[SLIDESHOW] Barrick Gold Looks to Innovations to Solve Energy Cost Challenges
Mining’s latest industry trend demonstrates that not only are energy costs rising, but that companies around the world are looking ahead to the next step forward in mining innovation. Barrick Gold, one of these industry forward-thinkers, has experienced these rising energy costs firsthand with its $1 billion energy cost totals in 2010 totaling almost $1.5 billion in 2013.
“We’re moving huge amounts of material around bigger operations, so our energy costs are mounting while gold grades are declining,” says Peter Kondos, Senior Director of Barrick’s Strategic Technology Solutions (STS) group. “We need to start doing things differently.”
Barrick is looking to its design and engineering staff to find ways around these industry-wide roadblocks, in hopes of combating these rising energy costs with more efficient industry procedures. Peter Kondos, head of Barrick’s Strategic Technology Solutions group, is charged with the task of developing pragmatic solutions to address these industry changes.
“On the practical side, we find solutions to problems and help implement them,” Kondos says. “On the conceptual side, we’re trying to unlock mining’s new frontiers for future generations.”
With the recent 28 percent drop in the price of gold, companies like Barrick are looking to innovation to answer its series of never-ending questions and are shifting their focus from production growth to conserving costs and thinking about how they are mining. One new innovation employed by Barrick considers the ways in which it collects and analyzes mining data. Effective data analysis is already projected to save Barrick, and other who choose to employ it, hundreds of millions of dollars.
Russel Blades, Senior Manager with the STS Group says, “We can analyze information, explain what we found and help the mine sites improve their operations from an energy standpoint.”
Another key innovation Barrick has pinpointed is how it moves ore and its other heavy materials around mine sites. By looking at the ways to bridge the technology gap, Barrick is researching the most effective ways to utilize haul trucks and other company infrastructure.
“Haul trucks are getting bigger and bigger,” Blades says. “And it’s important to understand that you’re not just using energy to move ore, you’re using it to move those bigger and heavier trucks. That increases your fuel costs substantially.”
Barrick has addressed this industry-wide concern, and is now hard at work developing new technologies and field innovations to cater to this demand in the most conservative and cost-effective way possible. A third solution has been developed, using conveyor belts or “rail-veyors” to move material between mine sites, on an automated haulage system on a light rail track.
These three innovations (mining data, transport, and new technology) have already proven to be beneficial for Barrick in addressing industry demands and supplementing costly expenses. Others within the industry are looking to these innovations as examples of continuous improvement, as this trend of rising energy costs continues to effect mining companies worldwide.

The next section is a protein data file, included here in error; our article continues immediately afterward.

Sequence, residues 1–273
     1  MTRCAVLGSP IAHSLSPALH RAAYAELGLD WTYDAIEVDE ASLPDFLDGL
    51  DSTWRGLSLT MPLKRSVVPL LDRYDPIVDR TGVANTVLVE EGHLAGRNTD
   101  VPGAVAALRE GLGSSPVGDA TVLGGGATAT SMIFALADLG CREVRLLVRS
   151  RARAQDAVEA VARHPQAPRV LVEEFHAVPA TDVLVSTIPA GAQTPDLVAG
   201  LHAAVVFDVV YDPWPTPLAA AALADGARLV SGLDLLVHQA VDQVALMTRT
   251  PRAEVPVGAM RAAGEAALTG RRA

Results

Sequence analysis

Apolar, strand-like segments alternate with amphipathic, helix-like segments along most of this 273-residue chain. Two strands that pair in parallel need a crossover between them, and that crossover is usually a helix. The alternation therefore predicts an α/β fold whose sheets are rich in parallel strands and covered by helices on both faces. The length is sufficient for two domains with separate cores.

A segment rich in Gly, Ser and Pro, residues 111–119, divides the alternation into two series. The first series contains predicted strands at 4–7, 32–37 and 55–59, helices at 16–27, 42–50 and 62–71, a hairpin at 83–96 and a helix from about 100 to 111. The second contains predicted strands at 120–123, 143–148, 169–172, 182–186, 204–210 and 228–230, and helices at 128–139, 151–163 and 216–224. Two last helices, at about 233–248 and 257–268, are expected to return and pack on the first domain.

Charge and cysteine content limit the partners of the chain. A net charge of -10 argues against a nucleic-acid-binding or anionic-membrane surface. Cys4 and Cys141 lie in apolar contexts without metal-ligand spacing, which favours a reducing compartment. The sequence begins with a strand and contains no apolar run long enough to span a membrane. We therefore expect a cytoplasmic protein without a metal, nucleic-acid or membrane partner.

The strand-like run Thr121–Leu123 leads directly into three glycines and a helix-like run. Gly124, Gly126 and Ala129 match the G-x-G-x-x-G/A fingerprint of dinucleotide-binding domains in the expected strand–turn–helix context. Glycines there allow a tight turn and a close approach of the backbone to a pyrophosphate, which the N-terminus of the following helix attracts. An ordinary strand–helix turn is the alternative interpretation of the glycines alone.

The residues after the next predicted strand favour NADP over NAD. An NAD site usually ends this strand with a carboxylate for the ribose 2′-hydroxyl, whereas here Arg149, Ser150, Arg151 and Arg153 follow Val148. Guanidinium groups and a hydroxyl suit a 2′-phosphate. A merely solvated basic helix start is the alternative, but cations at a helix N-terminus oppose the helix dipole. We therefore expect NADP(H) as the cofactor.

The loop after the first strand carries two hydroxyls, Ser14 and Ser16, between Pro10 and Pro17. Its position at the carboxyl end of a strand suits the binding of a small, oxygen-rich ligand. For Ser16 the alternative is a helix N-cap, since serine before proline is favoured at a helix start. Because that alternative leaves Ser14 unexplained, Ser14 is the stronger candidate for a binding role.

Battery-powered future depends on a few crucial metals
In the big, exciting future that’s measured in kilowatt- and gigawatt-hours, batteries are enabling mass electrification across many sectors. The rapid decline in battery prices has ensured burgeoning interest from electric-vehicle makers and consumer-electronics manufacturers- even from the energy industry, for enormous stationary storage systems operating on the power grid.
Companies such as QuantumScape Corp. are developing next-generation batteries that could accelerate the transition. The field is so competitive that the industry is shrouded in secrecy, but the market still values the company at more than $16bn despite no promise of real revenue for many years to come.
It will be years before any battery breakthroughs reach the mass market. But it’s already virtually certain that rising demand for existing lithium-ion batteries will be exponential and can be matched by manufacturers only if the materials used to make batteries - primarily lithium, cobalt , and nickel - are also supplied adequately. These curves will become steeper in the decade ahead. Take a look at the charts below that show where things are headed.
Electrification has become a key theme for automakers in the US and Europe. While it was barely mentioned a decade ago, company executives are increasingly talking up batteries and electric vehicles to investors.
The rapid decline of battery costs over the past decade has surprised even the most optimistic analysts. That has played a crucial role in opening up new markets for batteries to find applications.
Electric cars will be the biggest force behind the boom in demand for batteries this decade. But batteries will also increasingly be used for smaller vehicles like scooters, commercial vehicles and to store electricity from the grid.
The decline in battery prices have helped grow the investment case for storing electricity. Companies and financial firms are now investing over $100 billion a year on energy storage and the electrification of transportation.
All the energy stored in a growing number of batteries will require a significant increase in a few key metals, lithium, cobalt and nickel.
(By Will Mathis and Akshat Rathi)